Frederic W. Farrar
Dean of Canterbury
Frederic William Farrar (Mumbai, 7 August 1831 – Canterbury, 22 March 1903) was a cleric of the Church of England. Farrar was born in Bombay, India and educated at King William's College on the Isle of Man, King's College London and Trinity College, Cambridge. At Cambridge he won the Chancellor's Gold Medal for poetry in 1852. He was for some years a master at Harrow School and, from 1871 to 1876, the headmaster of Marlborough College.
Canterbury, Kent, England
Frederick William Farrar was born August 7, 1831, Bombay, India. His father, a missionary to India, later became the rector at Sideup, Kent, England. Farrar attended King William's College on the Isle of Man, and King's College, London. In 1852, he won a scholarship to the University of London, where he earned his bachelor's degree. He then went to Trinity College at Cambridge where he took a number of honors, including the Chancellor's Prize in English verse. In 1854, he graduated with first class classical honors and took Holy Orders. For a while he served as assistant master at Harrow School. In 1869, he was appointed a Chaplain to Queen Victoria, From 1871-1876, he was headmaster of Marlborough College. He then went on to become a Canon of Westminster Abbey, rector of St. Margaret's, Westminster, Arch-deacon of Westminster, and Dean of Canterbury.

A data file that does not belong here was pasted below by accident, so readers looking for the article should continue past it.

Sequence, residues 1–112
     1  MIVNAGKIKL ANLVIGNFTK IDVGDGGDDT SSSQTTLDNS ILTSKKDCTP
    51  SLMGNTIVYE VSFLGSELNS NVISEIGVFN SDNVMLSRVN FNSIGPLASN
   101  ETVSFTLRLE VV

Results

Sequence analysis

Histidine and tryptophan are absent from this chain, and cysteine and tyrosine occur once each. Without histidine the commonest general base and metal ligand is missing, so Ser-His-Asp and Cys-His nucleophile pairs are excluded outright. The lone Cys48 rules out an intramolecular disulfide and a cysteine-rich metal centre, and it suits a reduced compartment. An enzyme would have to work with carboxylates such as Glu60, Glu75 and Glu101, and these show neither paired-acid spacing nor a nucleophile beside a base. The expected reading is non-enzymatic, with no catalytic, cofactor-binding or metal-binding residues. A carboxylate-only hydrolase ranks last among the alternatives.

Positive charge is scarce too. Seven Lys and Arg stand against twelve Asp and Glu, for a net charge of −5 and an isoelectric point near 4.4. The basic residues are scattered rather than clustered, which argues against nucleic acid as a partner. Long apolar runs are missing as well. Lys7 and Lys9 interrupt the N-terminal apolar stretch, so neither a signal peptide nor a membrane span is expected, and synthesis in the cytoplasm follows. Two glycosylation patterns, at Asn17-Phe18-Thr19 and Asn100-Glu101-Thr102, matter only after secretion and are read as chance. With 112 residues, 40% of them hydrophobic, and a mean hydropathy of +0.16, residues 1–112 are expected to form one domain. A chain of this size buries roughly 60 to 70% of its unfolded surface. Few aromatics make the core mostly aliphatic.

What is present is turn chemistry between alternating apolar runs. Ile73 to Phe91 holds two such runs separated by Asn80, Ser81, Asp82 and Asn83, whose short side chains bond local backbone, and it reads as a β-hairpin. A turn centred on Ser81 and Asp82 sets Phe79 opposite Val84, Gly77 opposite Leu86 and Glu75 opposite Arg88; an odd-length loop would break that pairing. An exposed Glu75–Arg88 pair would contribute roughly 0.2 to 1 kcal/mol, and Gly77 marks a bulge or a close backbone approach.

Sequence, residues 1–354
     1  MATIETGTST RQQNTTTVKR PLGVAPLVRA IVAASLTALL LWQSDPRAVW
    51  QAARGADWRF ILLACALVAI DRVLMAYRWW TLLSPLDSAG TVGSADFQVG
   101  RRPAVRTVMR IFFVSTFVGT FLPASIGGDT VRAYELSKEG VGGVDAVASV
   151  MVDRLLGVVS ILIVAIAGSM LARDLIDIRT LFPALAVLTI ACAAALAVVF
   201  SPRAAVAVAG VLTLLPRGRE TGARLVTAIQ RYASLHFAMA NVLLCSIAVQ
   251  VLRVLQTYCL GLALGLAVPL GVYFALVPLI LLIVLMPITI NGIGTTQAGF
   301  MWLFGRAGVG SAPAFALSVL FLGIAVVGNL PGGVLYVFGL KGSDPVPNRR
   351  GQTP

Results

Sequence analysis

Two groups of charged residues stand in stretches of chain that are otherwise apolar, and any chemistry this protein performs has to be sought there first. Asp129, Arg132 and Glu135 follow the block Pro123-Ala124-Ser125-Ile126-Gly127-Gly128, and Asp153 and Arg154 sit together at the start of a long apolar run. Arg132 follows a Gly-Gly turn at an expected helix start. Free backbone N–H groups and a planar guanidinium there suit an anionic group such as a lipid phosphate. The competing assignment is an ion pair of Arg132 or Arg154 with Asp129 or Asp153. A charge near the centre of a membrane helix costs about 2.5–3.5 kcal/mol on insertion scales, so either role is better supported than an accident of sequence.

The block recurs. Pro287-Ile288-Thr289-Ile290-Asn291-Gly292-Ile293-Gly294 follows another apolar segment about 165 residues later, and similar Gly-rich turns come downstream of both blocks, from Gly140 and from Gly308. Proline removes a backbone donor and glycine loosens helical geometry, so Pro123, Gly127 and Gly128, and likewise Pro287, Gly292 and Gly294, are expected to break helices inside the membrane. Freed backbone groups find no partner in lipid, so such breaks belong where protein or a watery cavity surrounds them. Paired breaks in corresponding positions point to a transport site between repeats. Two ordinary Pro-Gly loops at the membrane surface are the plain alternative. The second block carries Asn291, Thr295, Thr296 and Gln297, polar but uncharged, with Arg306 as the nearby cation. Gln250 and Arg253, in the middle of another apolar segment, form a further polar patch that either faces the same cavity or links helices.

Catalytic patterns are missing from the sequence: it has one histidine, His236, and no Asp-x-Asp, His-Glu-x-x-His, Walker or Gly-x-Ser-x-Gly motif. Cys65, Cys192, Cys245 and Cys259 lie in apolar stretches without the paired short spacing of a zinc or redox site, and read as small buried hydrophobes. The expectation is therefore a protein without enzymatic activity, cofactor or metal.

Farrar achieved a high reputation as a writer and preacher. He wrote some volumes of popular fiction, and several important works in philology and theology, as well as a few hymns.
Farrar died March 22, 1903 in Canterbury, England.
Works by Frederic W. Farrar
Gathering Clouds is a curious blend. Part fiction, part history, it combines literary elements with historical research to produce an interesting fictionalized story of St. John Chrysostom. St. John was an Early Church Father, beloved for his compassion. Farrar lauds St. John by crafting an interesting tale of the historical events in St. John's life. But--as Farrar writes in the Preface--Gathering Clouds is more than just a tale of "passing amusement." Gathering Clouds is meant to be of a more serious theological and spiritual substance, conveying certain theological and spiritual points. These points don't diminish the story in any way; indeed, if anything, they enhance it. Among other things, they indicate to the reader the importance of living one's life for God, even amongst serious and daily suffering. Gathering Clouds is thus an engaging read--bringing together the best elements of literature, theology, and history. In the end, it edifies through it descriptions of the trials and strengths of St. John, all the while entertaining readers.
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